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In hand that breaks the weather: Peyto, 2019, Raintree combines drawing with photographic and geophysical processes to evoke glacial activity within the Canadian Rocky Mountains. The work was produced during her residency at the Banff Centre in Alberta, Canada earlier this year.

Using regional sediment, stone, and ice on large format negatives in an analog photographic process, Raintree allows light, time and enlargement to reveal details that would otherwise be invisible. Gestures of pressure, dragging and depositing mimic the terrestrial formation of these substances, producing both a material residue and an image.

Raintree’s practice engages questions at the intersection of art, ecology, and human activity. She works across drawing, sculpture, and photography to make connections between human and geologic scales. This work is part of an ongoing series entitled hand that breaks the weather which explores the human impact on a changing planet and includes works on paper, ceramics, and cameraless photography.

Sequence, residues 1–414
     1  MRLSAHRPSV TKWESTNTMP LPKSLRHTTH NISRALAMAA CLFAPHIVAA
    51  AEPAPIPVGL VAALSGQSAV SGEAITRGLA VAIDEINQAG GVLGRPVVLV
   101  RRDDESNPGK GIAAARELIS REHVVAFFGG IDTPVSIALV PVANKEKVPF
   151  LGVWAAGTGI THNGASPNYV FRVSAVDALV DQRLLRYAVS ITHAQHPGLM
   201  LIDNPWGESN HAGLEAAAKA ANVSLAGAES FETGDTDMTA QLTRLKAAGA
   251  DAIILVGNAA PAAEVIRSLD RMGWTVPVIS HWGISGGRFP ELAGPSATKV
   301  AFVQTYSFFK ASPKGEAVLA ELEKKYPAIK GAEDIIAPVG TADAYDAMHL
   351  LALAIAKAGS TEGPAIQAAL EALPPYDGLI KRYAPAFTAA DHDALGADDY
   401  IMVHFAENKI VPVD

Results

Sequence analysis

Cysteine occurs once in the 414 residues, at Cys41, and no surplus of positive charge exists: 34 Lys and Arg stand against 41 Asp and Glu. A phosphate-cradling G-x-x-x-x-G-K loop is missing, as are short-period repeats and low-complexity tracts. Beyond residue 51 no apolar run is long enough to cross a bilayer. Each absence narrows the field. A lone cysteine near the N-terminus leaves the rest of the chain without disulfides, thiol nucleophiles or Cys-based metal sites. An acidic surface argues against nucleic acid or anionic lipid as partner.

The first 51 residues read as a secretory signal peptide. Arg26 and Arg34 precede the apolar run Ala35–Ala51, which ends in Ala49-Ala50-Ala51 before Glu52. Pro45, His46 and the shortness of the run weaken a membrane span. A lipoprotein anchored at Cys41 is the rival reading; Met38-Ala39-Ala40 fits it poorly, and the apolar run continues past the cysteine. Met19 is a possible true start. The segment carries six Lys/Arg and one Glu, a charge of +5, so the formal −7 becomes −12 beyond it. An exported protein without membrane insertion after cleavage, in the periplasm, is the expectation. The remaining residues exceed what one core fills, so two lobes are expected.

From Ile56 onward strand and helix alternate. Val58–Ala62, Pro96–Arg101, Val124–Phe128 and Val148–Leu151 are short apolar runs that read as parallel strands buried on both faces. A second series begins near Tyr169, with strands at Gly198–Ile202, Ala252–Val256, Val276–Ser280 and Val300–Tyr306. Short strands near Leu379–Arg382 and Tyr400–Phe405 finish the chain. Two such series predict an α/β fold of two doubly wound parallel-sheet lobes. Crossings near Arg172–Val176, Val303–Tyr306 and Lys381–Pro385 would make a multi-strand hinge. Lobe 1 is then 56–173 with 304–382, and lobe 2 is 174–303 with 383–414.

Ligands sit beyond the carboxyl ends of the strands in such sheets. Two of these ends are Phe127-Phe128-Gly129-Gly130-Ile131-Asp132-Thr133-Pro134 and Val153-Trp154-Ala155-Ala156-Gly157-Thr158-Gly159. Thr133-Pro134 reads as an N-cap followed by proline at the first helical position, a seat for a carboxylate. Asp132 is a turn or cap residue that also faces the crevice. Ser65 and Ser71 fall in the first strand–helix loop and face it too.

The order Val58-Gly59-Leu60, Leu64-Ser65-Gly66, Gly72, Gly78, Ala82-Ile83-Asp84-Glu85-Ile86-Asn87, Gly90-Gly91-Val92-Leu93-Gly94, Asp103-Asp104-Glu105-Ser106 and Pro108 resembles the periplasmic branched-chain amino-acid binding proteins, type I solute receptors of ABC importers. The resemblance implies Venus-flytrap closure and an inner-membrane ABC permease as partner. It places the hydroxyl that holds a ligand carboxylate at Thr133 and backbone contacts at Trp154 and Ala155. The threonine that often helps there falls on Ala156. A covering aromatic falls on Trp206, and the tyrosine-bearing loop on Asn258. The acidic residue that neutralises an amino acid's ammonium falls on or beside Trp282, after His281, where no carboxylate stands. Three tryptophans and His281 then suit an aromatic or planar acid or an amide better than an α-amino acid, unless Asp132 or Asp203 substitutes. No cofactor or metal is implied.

Leah Raintree (b. 1979) lives and works in New York City. She recently held a solo exhibition at The Noguchi Museum in Queens, NY and has exhibited with the PhotoIreland Foundation, Dublin; High Line Art, New York; Socrates Sculpture Park, Queens, NY; Prosjektrom Normanns, Norway; Montgomery College, Silver Spring, MD; and the Cooper-Hewitt National Design Museum, New York. She has been awarded numerous artist-in-residence fellowships including Lower Manhattan Cultural Council’s Workspace and Process Space, Frans Masereel Centrum, Marble House Project, Watershed Center for the Ceramic Arts, Mildred’s Lane and Atlantic Center for the Arts. Raintree holds a BFA from Virginia Commonwealth University and an MFA from Parsons, the New School for Design.

Leah Raintree
hand that breaks the weather, Peyto, 2019
gelatin silver print
36 × 36 inches (91.44 × 91.44 cm)
Edition of 1 plus I AP

Installation view, JDJ, Garrison, NY, 2019